How to Play Gaelic Football (1914)

Published in Artefacts, Issue 5 (September/October 2022), Volume 30

By Siobhán Doyle

Above: How to Play Gaelic Football (1914) by Dick Fitzgerald, the only published book on GAA coaching until 1958. (NMI)

In 1914, a book entitled How to play Gaelic football was published and is widely regarded as the first illustrated coaching manual for Gaelic Games. Printed by Guy & Co. of Cork and retailing at one shilling, the contents include an introductory chapter, sections on the duties of the various positions on the field, an outline of the role of the team captain and referee, as well as guidelines on applying football methods to hurling and playing with thirteen players a side.

The book was written by Dick Fitzgerald (1886-1930), holder of five All-Ireland medals with the Kerry footballers and an exceptionally talented player. Although Fitzgerald can lay claim to the title of Gaelic football’s first superstar and was described at the time as ‘one of the most resourceful, scientific and deadly accurate forwards of all time’, he tends not to feature in Teams of the Millennium or greatest footballer conversations, possibly owing to the non-existence of film footage of his prowess. Fitzgerald was well positioned to write this seminal instruction manual not only because of his skills on the field of play but also because he served as an inter-county coach and referee, in addition to various administrative roles on club and county committees. The book was written while Fitzgerald was still playing as Kerry captain and remained the only published book on GAA coaching until 1958, when his fellow Dr Crokes clubman Eamonn O’Sullivan published The Art and Science of Gaelic Football.

Fitzgerald’s football career was disrupted by his involvement in the Irish revolution. In 1916, he was interned at Frongoch prison camp in Wales. There, he helped organise football tournaments, which were an important part of maintaining morale and providing entertainment, exercise and routine amongst the internees. Fitzgerald played in a match that eventually became known as the ‘All-Ireland final behind barbed wire’ in 1916, which took place in a field surrounded by barbed wire that the internees had renamed Croke Park. Séamas Ó Maoileoin wrote first-hand accounts of Gaelic football matches between internees in the camp and was ‘convinced that he [Fitzgerald] was better in Frongoch than he ever was at Croke Park’.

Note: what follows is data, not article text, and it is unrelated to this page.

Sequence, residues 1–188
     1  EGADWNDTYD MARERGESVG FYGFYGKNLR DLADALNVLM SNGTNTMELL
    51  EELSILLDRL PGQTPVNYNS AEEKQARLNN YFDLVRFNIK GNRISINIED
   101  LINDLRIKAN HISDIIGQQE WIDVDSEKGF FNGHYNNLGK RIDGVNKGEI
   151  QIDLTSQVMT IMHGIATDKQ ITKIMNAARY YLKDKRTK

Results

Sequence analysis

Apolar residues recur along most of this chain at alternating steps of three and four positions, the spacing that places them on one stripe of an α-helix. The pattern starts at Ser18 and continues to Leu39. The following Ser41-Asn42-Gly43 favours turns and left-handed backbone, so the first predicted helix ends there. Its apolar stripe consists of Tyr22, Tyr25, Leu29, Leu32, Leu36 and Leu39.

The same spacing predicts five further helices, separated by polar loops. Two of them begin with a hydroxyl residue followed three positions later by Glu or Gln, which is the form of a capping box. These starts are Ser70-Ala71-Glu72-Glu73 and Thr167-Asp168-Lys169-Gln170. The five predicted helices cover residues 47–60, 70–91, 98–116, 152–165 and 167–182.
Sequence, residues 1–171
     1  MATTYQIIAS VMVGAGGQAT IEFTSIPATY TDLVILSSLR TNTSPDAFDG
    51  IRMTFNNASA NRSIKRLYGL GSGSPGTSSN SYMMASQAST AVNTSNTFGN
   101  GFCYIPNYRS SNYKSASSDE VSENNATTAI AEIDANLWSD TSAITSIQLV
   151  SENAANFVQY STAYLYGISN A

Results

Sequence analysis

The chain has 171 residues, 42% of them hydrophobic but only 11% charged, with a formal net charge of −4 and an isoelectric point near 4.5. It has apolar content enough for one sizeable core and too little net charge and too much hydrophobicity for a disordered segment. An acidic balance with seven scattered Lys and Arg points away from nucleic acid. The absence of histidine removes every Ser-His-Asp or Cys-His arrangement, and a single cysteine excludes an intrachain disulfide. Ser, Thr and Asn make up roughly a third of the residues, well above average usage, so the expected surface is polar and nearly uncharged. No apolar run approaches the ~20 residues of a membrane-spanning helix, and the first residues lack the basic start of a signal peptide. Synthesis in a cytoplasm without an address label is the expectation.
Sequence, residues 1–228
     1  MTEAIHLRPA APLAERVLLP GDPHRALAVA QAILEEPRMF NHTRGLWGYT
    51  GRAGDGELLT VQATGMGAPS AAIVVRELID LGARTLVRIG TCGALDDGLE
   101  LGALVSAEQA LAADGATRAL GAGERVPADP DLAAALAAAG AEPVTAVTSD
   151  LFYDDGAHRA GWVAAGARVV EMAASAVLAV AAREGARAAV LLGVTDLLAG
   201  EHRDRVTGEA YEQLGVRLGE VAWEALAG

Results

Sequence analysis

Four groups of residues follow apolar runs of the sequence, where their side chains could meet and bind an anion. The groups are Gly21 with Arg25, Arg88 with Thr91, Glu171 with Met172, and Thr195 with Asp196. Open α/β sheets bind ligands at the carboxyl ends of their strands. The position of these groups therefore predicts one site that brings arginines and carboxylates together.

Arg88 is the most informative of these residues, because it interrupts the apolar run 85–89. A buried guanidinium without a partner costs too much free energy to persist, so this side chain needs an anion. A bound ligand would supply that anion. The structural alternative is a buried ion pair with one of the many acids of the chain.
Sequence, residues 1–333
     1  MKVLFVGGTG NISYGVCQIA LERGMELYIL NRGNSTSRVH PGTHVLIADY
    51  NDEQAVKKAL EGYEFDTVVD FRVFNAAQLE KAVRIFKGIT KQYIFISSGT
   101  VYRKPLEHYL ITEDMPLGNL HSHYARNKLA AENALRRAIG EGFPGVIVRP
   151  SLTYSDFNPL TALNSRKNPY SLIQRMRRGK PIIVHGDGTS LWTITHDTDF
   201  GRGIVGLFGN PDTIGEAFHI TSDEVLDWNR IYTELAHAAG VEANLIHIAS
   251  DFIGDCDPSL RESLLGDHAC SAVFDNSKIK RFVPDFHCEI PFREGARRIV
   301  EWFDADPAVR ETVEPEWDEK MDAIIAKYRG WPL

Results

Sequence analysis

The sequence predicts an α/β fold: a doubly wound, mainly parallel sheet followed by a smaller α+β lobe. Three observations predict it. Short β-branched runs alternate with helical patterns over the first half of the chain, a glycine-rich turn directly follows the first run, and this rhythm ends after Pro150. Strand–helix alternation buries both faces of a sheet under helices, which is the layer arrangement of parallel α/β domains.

Dick Fitzgerald died on Friday 26 September 1930 after falling from a roof in Killarney. It was All-Ireland final weekend and Kerry were due to play Monaghan in Croke Park. The Kerry county board requested that relatives consider postponing the funeral as many Kerry players and supporters were already making their way to Dublin. And so, Fitzgerald was buried in Killarney the day after Kerry captured their ninth All-Ireland football title by beating Monaghan comprehensively on a score line of 3-11 to 0-2. The match was preceded by the playing of Chopin’s ‘Funeral march’ by the Artane Boys’ Band, demonstrating the esteem with which Fitzgerald was regarded in GAA circles. His legacy lives on in the rich traditions of Kerry football not only through this book, but also with the county’s home venue in Killarney named Fitzgerald Stadium in his honour.

This book will feature in Siobhán Doyle’s forthcoming A History of the GAA in 100 Objects (Merrion Press, October 2022).


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